English poet Robert Southey (1774-1843) accomplished a number of interesting things during his lifetime: he was Poet Laureate of England; he was the first to print the story of Goldilocks and the Three Bears (seriously!); he wrote a biography of Lord Nelson that's still considered the standard; he was a good friend of fellow poets Coleridge and Robert Lovell, and took in their wives and children after Lovell died and Coleridge took a powder.
That's just the short list, so you can gather that this was a fellow with a generous and inquiring spirit. So you won't be surprised to learn that Southey really liked cats. And I'm thrilled to learn that he christened one of his feline family "The Zombi."
Which is another one on the list of Best Cat Names Ever.
He wrote a letter to his friend Grosvenor Bedford about acquiring and naming The Zombi; it's in his collected letters, and I'll give you a digest of it.
April 3 1821
Now to a more important subject. (He's just gotten word the King liked one of his recent pieces, but eh, moving on - Curator) You were duly apprised towards the end of the year of Othello's death. Since that lamented event this house was cat-less, till on Saturday, March 24., Mrs. Calvert, knowing how grievously we were annoyed by rats, offered me what she described as a fine full-grown black cat, who was moreover a tom. She gave him an excellent character in all points but one, which was that he was a most expert pigeon-catcher; and as they had a pigeon house, this propensity rendered it necessary to pass sentence upon him either of transportation or of death. Moved by compassion (his colour and his tomship also being taken into consideration), I consented to give him an asylum, and on the evening of that day here he came in a sack. . . .When the sack was opened, the kitchen door, which leads into the passage, was open also, and the cat disappeared . . .Food, therefore, was placed where he would be likely to find it in the night; and at the unanimous desire of the children, I took upon myself the charge of providing him with a name, for it is not proper that a cat should remain without one. Taking into consideration his complexion, as well as his sex . . .it presently occurred to me that the Zombi would be an appellation equally appropriate and more dignified. The Zombi, therefore, he was named.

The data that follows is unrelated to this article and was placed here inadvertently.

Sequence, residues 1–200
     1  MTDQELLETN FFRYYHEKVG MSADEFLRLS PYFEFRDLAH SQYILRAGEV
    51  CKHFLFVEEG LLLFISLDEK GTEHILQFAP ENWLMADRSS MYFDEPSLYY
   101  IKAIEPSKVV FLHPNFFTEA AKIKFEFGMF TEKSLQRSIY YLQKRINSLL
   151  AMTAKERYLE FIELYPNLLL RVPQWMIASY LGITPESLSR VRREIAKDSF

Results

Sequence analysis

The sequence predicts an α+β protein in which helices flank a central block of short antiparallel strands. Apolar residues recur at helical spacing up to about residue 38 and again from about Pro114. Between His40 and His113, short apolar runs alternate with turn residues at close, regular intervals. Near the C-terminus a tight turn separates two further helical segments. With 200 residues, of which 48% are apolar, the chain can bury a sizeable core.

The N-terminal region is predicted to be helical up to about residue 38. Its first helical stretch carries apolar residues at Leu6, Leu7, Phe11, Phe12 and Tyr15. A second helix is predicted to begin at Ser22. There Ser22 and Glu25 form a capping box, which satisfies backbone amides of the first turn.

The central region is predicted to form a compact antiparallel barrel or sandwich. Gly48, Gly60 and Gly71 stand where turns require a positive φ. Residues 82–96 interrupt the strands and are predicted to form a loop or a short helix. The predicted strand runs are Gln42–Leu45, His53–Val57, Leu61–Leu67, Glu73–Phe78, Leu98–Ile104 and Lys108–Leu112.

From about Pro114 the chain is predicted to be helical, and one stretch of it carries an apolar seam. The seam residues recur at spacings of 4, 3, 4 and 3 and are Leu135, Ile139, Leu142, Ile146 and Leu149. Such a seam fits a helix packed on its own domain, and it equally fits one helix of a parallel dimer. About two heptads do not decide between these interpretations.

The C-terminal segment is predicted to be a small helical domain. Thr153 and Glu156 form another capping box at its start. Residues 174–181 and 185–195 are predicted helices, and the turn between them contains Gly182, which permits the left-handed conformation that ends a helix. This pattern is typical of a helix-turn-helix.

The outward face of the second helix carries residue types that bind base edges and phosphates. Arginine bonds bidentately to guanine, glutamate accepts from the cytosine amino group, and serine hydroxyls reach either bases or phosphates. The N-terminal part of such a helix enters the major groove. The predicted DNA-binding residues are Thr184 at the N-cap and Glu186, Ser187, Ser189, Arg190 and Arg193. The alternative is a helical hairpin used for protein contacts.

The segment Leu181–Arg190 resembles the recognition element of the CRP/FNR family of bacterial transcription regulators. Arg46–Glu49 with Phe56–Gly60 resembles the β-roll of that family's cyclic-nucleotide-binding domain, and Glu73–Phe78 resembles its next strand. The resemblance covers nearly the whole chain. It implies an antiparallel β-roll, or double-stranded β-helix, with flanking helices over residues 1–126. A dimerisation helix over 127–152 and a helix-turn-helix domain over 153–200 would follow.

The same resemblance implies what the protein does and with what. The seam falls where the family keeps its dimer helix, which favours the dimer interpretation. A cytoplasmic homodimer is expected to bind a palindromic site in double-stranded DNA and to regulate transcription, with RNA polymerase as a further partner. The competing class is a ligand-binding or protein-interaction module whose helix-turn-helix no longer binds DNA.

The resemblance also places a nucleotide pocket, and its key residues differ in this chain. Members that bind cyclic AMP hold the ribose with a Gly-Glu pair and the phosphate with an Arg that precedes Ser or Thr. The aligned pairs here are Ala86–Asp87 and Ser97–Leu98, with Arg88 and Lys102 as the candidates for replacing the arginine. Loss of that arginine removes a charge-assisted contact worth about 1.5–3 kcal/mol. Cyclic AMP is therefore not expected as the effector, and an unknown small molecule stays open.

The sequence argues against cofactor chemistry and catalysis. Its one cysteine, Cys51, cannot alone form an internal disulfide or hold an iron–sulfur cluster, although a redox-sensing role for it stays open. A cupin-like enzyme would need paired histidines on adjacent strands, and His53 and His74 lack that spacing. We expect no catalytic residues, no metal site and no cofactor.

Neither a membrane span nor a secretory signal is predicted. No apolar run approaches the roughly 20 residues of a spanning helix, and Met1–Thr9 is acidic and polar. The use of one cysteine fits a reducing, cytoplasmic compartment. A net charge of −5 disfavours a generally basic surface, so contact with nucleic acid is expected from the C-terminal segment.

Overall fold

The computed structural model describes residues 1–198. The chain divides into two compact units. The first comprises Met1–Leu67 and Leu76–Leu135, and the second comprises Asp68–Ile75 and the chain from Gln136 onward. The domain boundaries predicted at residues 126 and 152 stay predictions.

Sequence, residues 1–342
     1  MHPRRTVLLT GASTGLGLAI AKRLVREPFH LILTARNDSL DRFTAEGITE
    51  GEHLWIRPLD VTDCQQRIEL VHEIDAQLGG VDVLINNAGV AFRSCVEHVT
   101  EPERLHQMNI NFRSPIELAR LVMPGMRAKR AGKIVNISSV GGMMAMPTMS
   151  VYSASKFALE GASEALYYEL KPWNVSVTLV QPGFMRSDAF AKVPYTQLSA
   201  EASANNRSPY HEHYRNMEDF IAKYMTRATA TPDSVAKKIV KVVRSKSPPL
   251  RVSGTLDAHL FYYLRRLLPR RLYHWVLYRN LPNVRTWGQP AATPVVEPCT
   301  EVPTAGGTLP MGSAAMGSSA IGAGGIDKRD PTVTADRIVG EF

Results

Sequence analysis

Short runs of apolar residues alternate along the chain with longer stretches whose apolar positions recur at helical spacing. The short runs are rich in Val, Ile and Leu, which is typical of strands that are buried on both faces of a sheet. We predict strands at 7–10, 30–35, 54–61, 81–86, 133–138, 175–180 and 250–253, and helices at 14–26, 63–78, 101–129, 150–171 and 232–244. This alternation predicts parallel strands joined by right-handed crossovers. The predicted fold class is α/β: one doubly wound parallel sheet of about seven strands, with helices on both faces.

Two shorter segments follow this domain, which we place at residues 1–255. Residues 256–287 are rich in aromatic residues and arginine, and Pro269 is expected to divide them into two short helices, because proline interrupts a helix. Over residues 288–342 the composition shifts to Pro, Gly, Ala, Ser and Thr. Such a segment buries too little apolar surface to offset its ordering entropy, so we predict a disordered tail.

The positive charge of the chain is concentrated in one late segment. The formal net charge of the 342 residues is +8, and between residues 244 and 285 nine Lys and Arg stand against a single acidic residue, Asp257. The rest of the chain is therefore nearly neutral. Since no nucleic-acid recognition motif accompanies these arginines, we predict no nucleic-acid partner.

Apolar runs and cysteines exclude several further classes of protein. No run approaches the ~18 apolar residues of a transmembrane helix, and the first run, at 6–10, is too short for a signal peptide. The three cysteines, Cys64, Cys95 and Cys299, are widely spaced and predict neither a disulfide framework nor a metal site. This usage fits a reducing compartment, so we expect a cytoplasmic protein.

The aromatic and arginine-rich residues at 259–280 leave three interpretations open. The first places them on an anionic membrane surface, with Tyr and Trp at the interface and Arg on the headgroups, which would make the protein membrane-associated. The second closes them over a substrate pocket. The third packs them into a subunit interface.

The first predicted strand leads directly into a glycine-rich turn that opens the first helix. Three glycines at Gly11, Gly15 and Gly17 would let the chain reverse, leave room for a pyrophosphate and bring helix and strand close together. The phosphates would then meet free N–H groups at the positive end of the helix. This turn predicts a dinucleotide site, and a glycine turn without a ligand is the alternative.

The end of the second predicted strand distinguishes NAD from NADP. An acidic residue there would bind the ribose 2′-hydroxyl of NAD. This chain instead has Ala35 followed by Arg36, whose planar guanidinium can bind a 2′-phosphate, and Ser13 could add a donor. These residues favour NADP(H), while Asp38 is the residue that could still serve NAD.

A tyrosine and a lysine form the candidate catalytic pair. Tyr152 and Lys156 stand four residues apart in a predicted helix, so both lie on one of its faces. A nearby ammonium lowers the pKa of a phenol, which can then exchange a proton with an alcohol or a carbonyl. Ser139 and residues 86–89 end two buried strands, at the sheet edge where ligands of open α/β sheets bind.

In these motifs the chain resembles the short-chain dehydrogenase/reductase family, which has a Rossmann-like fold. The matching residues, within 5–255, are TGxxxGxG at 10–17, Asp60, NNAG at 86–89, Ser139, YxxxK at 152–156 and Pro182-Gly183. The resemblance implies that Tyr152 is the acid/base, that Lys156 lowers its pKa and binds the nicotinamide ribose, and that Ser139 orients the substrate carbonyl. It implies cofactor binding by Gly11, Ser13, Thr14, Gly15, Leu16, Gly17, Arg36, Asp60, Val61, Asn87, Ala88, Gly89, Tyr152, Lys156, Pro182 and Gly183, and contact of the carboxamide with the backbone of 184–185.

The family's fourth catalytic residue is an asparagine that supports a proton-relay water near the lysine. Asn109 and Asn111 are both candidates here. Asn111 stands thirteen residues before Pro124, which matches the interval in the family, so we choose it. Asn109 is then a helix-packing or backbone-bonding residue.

* * *
The Zombi promptly showed his gratitude by hiding in the basement and screaming his head off in the wee hours of Sunday morning, for no reason anyone in the house could figure out, upon which Southey closes his letter with the questions:
* * *
1. Had he seen the devil?
2. Was he making love to himself?
3. Was he engaged in single combat with himself?
4. Was he attempting to raise the devil by invocation?
5. Had he heard me sing, and was he attempting (vainly) to imitate it?
These queries, you will perceive, all proceed upon the supposition that it was the Zombi who made the noise. But I have further to ask,—
6. Was it the devil?
7. Was it Jeffery ? (an unhappy imp, apparently - Curator)
8. Were either of these personages tormenting the Zombi?
I have only to add that from that time to this he continues in the same obstinate retirement, and to assure you that I remain, Mr. Bedford,
With the highest consideration, Yours as ever,
Southey never did find out! Selections from the Letters of Robert Southey, John Wood
Warter, ed. (London: Longman, Brown, Green, Longmans, & Roberts, 1856) pp.
241 - 23